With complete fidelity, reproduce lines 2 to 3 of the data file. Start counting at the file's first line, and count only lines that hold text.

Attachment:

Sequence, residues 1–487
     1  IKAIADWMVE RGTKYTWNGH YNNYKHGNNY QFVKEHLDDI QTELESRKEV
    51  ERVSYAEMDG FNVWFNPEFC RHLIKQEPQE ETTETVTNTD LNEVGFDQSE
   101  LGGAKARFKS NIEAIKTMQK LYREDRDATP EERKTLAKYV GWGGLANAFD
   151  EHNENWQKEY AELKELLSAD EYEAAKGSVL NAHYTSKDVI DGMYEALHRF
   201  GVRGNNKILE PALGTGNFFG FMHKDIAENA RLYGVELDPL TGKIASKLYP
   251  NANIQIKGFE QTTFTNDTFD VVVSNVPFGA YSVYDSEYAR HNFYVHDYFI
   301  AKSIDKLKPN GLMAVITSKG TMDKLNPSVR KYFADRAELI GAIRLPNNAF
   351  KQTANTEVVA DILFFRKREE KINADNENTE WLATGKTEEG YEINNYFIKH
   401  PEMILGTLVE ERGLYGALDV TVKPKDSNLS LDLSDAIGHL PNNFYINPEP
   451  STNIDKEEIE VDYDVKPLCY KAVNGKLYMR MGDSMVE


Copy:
     1  IKAIADWMVE RGTKYTWNGH YNNYKHGNNY QFVKEHLDDI QTELESRKEV
    51  ERVSYAEMDG FNVWFNPEFC RHLIKQEPQE ETTETVTNTD LNEVGFDQSE